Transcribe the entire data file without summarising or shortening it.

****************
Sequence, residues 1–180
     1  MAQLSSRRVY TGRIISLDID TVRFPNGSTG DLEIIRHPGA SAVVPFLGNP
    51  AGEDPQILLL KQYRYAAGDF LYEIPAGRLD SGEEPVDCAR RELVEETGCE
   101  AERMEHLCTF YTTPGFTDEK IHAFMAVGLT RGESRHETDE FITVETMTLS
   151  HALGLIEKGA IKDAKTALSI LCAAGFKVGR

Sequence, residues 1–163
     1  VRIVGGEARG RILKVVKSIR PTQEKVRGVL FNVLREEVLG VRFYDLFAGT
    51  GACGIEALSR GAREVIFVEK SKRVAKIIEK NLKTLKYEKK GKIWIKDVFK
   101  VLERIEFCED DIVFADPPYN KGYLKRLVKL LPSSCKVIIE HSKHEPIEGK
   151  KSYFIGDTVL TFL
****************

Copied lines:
Sequence, residues 1–180
     1  MAQLSSRRVY TGRIISLDID TVRFPNGSTG DLEIIRHPGA SAVVPFLGNP
    51  AGEDPQILLL KQYRYAAGDF LYEIPAGRLD SGEEPVDCAR RELVEETGCE
   101  AERMEHLCTF YTTPGFTDEK IHAFMAVGLT RGESRHETDE FITVETMTLS
   151  HALGLIEKGA IKDAKTALSI LCAAGFKVGR

Sequence, residues 1–163
     1  VRIVGGEARG RILKVVKSIR PTQEKVRGVL FNVLREEVLG VRFYDLFAGT
    51  GACGIEALSR GAREVIFVEK SKRVAKIIEK NLKTLKYEKK GKIWIKDVFK
   101  VLERIEFCED DIVFADPPYN KGYLKRLVKL LPSSCKVIIE HSKHEPIEGK
   151  KSYFIGDTVL TFL